I have some friends who follow the Hebrew Bible and its teachings and have told me the Creator’s Name is Yahuah (Yah-who-ah) are they wrong?
The proponents of this name believe the key to the proper pronunciation of YHWH can be found in the name Judah i.e. Yehudah YHWDH. Since His people are called by His name (2 Chronicles 7:14), then it must be hidden in the name Judah right? Not so fast… Numbers 6:27 says: “So they will put my name on the Israelites, and I will bless them.” Lets analyze this verse in the Masoretic text. In Hebrew it says: “בְּנֵ֣י bene יִשְׂרָאֵ֑ל Yisrael” This means the “sons of Israel.” The sons of Israel encompass all the children of Jacob (tribes of Israel) not just Judah. This isn’t some special directive and secret code explaining the name Judah’s vowels hold the key to the true pronunciation.
But for arguments sake let’s remove the dalet from Yehudah יְהוּדָה and see what happens. If you know Hebrew Grammar you will instantly notice a problem here: יְהוָּה The vowel shureq is now coupled with a qamets, this is a violation. A Hebrew consonant always has to have a vowel with it, not two vowels in a row. Lets say you decided to put the qamets vowel under the final heh, now you just changed the pronunciation to Yehuha because at the ending of a Hebrew word, the consonant is always read before the vowel.
If the problematic Hebrew grammar wasn’t enough, we also see another glaring issue. There is a shewa under the yod which gives the Yeh sound, not the “Yah” sound. So not only must we remove the dalet, we then need to interject a different vowel in the first syllable that doesn’t exist? There is no indication at all in the Hebrew word origin that there is a contraction of the tetragrammaton like we see in the name Joshua for instance. Yehudah simply means “praised.” For those who have a basic understanding of Hebrew it is evident that the hoops we need to jump through to fabricate this name makes it nonsensical.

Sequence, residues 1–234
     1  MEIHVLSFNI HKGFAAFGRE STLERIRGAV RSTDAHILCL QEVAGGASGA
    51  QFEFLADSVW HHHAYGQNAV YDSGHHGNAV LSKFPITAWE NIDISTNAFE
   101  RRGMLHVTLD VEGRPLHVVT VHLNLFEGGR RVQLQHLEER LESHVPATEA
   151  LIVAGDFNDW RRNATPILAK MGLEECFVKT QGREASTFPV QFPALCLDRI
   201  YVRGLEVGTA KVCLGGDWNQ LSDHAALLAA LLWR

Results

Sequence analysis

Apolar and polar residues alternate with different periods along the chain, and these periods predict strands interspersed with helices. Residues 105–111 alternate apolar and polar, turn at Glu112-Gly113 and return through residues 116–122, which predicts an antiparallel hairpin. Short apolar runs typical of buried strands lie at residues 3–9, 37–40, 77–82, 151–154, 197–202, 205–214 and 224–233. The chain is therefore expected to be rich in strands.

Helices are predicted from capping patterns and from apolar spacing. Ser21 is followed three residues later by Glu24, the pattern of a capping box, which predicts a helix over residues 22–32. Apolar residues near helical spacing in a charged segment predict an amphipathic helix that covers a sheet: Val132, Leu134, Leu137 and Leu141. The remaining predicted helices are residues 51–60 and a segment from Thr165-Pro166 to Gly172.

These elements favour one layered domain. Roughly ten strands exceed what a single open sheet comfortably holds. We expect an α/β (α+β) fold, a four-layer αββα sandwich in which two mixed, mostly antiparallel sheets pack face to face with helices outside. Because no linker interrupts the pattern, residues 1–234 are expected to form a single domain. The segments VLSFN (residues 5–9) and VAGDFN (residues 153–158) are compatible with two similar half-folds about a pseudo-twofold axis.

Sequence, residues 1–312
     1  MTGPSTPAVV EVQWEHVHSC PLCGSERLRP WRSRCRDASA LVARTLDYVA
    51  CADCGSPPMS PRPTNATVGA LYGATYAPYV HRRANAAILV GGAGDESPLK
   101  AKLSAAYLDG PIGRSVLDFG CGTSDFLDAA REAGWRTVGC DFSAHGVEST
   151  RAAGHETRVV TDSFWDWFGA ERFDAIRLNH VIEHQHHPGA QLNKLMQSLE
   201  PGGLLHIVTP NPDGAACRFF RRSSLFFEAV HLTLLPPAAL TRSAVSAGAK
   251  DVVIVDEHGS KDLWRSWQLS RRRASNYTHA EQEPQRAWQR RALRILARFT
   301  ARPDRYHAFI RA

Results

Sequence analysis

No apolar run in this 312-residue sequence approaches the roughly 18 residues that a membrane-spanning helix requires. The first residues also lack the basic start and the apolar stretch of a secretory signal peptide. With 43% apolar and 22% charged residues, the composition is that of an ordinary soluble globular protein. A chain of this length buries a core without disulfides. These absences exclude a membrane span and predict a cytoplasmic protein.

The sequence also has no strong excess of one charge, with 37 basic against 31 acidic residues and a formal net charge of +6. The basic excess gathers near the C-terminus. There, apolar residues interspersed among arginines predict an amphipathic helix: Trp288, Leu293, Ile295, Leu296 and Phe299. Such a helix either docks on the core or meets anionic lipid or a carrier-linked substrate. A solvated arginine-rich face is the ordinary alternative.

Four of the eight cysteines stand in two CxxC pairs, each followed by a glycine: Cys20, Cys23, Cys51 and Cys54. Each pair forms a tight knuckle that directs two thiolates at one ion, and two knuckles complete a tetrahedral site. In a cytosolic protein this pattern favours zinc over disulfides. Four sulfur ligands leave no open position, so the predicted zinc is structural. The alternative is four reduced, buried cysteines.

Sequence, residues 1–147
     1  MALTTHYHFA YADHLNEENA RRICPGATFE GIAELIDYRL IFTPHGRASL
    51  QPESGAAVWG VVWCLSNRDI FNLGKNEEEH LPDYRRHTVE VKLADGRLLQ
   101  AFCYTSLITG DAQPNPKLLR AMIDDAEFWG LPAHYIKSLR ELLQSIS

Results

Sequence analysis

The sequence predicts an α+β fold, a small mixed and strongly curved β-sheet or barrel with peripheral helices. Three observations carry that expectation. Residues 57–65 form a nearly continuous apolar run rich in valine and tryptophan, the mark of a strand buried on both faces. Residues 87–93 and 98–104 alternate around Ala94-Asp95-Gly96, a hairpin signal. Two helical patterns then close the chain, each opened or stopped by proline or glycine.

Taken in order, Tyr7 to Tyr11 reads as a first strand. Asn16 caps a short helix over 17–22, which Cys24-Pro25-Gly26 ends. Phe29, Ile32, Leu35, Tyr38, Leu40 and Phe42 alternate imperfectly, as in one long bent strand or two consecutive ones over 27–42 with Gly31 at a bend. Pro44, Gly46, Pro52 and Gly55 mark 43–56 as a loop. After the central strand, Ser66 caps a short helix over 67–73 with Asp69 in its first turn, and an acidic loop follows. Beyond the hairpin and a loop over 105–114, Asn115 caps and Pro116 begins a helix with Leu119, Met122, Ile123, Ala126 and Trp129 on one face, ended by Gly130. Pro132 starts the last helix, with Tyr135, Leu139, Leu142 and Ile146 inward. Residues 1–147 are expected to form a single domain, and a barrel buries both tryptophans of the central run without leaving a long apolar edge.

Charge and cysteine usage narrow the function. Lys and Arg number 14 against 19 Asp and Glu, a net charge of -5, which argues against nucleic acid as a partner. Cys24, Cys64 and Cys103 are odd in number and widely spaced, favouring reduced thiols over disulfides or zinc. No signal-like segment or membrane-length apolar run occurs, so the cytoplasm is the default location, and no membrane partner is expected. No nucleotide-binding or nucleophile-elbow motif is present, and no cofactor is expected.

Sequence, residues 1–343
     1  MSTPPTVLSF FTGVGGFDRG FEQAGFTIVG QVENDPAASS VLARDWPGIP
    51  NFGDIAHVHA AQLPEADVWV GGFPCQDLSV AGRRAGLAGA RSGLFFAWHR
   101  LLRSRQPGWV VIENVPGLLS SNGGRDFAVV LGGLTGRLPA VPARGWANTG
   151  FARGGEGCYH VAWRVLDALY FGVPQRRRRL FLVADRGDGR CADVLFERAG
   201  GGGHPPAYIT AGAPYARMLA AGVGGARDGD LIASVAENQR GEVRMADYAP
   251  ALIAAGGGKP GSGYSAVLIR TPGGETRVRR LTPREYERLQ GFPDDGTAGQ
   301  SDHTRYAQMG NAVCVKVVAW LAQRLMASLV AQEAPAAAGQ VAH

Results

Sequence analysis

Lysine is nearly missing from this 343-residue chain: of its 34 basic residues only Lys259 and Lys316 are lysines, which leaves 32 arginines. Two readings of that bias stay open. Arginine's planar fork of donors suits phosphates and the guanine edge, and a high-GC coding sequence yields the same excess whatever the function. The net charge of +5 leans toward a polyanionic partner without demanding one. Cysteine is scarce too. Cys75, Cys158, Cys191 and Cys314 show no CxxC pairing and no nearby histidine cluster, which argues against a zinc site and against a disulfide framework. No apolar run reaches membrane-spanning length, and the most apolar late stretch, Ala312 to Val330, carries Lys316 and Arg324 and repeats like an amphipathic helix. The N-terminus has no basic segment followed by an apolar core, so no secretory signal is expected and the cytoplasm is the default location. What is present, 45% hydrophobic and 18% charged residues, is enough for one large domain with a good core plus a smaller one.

We received a comment from a proponent of this form that if the sound of the first heh is “ah,” (which we just proved isn’t in the Hebrew) then the second heh must also have the same sound. So since we are making things up, let’s say there was an “a” vowel before the heh, does this prove anything? No, there are many vowel combinations in Hebrew, the idea that if the first syllable has an ah sound, then the second syllable must also have an ah sound shows a striking ignorance of the language. The yod can take any number of vowel combinations and it does all through the Hebrew. The Hebrew Grammar book “The Berlitz Hebrew Self-Teacher” on page 73 reveals: “There are, however, four letters which can be used as vowels. h and a may have the vowel sound of ah or eh, w that of oo or oh, and y of ee or eh.” To just assume the second heh is pronounced the same as the first heh is frankly ridiculous.
In Hebrew the “ah” ending is feminine in its conjunctive form like Ishah אִשָּׁ֔ה (women) opposed to Ish אִישׁ (man). The Hebrew word Yapheh which sounds similar to the name Yahweh is used to describe David (1 Samuel 17:42) יָפֶה (beautiful) in the masculine form. The feminine form of this Hebrew word is Yaphah יָפָ֖ה like we see in reference to Tamar in 2 Samuel 13:1. It is very unlikely the name of the creator of the universe would have a feminine form of the name like you see in Yahuah or Yehovah.